Should the Anti-War Movement Support the UN?

Many people look to the UN to stand above national interests and resolve conflicts in the best interests of humanity. Some in the anti-war movement believe the UN and France, Germany, and other countries can stop the US from attacking Iraq. But can the UN stop the US from going to war? Why are the French and other powers opposing Bush’s war drive?

The French “alternative” to war is an intensification of the already intrusive inspections regime, backed up by the threat of war. They are calling for the de facto occupation of Iraq by thousands of UN “peace keepers.”

The French also propose legitimizing the US/UK-imposed “no-fly zones” over Iraq and extending them throughout the entire country. The “no-fly zones” are used by the US and UK to bomb Iraq on average once a day – an undeclared, low-intensity war. They were never sanctioned by the UN but were imposed after the 1991 Gulf war by the US and UK who display the same contempt for the UN they say Iraq has displayed in violating UN resolutions.

Nor are the French calling for an end to the brutal US/UN sanctions, which have killed over a million Iraqis. Thus, the French “anti-war” position adds up to more war – hardly a position the anti-war movement can support.

Growing Inter-Imperialist Tensions

Just as oil is a key factor in Bush’s war drive, it is also a driving force behind the actions of France, Russia, and China. In the 1990’s, these governments negotiated oil deals with Iraq. “Some industry insiders reckon that Zarubezhneft, the Russian firm … may have secured oil concessions worth up to $90 billion… The national oil companies of China and India … have also been given slices of the pie.” (The Economist, 10/10/02)

“American oilmen insist that any [new] regime would tear up existing contracts” and sign new ones with US corporations (The Economist, 10/10/02). The French, Russian, and Chinese governments recognize that a US occupation of Iraq would strengthen US control over global oil prices and supply and undermine their own imperialist aspirations.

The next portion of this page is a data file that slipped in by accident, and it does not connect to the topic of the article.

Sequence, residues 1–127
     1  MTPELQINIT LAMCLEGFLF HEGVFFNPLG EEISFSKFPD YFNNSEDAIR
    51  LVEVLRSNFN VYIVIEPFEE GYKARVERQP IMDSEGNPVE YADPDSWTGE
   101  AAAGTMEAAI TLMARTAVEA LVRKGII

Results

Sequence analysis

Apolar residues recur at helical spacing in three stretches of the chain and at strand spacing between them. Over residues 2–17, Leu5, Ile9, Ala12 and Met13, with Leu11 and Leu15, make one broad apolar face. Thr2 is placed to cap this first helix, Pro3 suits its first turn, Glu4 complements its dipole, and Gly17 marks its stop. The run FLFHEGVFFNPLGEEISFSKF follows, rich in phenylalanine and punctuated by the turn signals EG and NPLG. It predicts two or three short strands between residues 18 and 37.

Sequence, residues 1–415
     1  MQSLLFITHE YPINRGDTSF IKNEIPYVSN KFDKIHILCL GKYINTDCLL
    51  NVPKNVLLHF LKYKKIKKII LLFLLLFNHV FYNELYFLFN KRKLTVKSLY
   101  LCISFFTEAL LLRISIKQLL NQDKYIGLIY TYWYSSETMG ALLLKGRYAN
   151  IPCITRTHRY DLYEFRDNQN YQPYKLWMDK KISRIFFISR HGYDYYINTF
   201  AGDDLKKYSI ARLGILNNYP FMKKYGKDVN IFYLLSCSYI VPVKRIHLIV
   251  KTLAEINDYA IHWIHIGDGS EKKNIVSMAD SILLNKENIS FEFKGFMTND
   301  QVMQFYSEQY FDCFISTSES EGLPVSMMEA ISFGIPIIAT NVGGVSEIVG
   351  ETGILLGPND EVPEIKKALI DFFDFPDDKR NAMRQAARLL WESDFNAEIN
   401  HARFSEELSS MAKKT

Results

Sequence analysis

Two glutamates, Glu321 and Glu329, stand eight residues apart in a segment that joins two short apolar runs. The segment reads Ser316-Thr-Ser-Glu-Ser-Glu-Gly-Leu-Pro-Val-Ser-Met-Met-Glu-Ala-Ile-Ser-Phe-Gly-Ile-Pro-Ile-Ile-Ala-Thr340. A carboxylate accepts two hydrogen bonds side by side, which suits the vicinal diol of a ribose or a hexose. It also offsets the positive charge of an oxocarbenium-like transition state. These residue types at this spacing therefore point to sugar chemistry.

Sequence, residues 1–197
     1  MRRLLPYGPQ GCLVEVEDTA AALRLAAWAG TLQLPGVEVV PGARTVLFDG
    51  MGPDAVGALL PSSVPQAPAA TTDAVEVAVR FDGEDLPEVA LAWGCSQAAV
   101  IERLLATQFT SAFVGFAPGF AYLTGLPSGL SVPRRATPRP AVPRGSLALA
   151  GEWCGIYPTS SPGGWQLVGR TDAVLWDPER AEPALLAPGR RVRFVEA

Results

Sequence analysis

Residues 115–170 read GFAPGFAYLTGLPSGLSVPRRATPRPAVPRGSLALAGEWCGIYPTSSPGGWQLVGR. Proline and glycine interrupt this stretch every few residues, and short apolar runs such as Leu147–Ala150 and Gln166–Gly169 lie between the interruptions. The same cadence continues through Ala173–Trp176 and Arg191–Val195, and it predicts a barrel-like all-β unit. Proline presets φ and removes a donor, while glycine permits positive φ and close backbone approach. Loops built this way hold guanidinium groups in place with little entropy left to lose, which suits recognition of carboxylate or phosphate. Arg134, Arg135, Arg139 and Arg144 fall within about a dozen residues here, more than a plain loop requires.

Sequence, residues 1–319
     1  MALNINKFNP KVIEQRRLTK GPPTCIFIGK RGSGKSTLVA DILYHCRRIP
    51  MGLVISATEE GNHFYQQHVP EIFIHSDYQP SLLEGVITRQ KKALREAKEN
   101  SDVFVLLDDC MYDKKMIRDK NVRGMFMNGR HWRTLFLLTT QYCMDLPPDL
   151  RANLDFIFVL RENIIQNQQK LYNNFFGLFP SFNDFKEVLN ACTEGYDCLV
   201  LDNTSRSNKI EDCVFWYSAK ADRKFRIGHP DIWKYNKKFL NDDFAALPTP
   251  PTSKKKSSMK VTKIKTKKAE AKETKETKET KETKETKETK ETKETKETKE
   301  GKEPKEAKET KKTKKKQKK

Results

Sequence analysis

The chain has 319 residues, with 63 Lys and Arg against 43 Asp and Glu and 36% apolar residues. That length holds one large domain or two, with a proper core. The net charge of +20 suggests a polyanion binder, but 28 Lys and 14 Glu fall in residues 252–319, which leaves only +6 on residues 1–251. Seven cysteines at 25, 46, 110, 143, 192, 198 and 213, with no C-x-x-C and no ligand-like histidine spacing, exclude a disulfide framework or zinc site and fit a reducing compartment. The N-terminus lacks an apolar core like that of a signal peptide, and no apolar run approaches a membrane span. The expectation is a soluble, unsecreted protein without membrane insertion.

The leaders of France and Germany are opposed to a war with Iraq because they believe it will rebound against their capitalist interests. Their opposition has nothing to do with the concern for the Iraqi people shown by the millions pouring into the world’s streets against Bush’s war.

More sober and sophisticated than Bush, these European leaders understand this war risks destabilizing the Middle East and the world. It will strengthen Islamic Fundamentalism and the risk of terrorism, potentially provoke uprisings against pro-western dictatorships throughout the Islamic world and inflame the Israeli-Palestinian conflict.

The French and German governments are also under tremendous pressure from their own staunchly anti-war electorate. In the recent German elections, Schroeder emerged from behind to win after making opposition to war his central message. The anti-war movements in Britain, Italy, and Spain are so strong that they might bring down their pro-war governments in the event of a unilateral US attack.

Bush’s war rhetoric and the threat of a unilateral war have triggered big divisions among the major powers. This is the sharpest expression of the growing inter-imperialist tensions since the end of the Cold War, which was the glue that held together the Western alliance.

Behind the anti-war rhetoric, deals are already being cut to aid US war plans. Germany is allowing the US extensive use of airbases from which to conduct the war, despite calls by the German anti-war movement to ban such use. The European powers have agreed to supply extra troops to Afghanistan, allowing the US to concentrate its forces on Iraq.

Confronted with the reality that the US will not be deterred from war, they will try and accommodate themselves to this and ensure that they get part of the oil – the spoils of war.

Role of the UN

If he can, Bush would prefer to use the fig leaf of the UN to legitimize US aggression. But the UN’s camouflage will not stop a single Iraqi from being killed when the invasion begins.

The Security Council, the decision-making body of the UN, gives five countries – the US, Britain, France, Russia and China – veto power. The UN is a club of the big powers, particularly the US superpower. By its very structure, the UN can’t act in workers’ interests.

Socialist Alternative is completely opposed to this war, with or without a UN flag of convenience. The anti-war movement should place no faith in the vacillating capitalist leaders, even when they cynically echo our anti-war message. The anti-war movement today has already confirmed the lessons of every past movement against imperialist war: we must rely on our own independent strength and the power of the working class around the world to resist imperialism successfully.

Justice #33, February 2003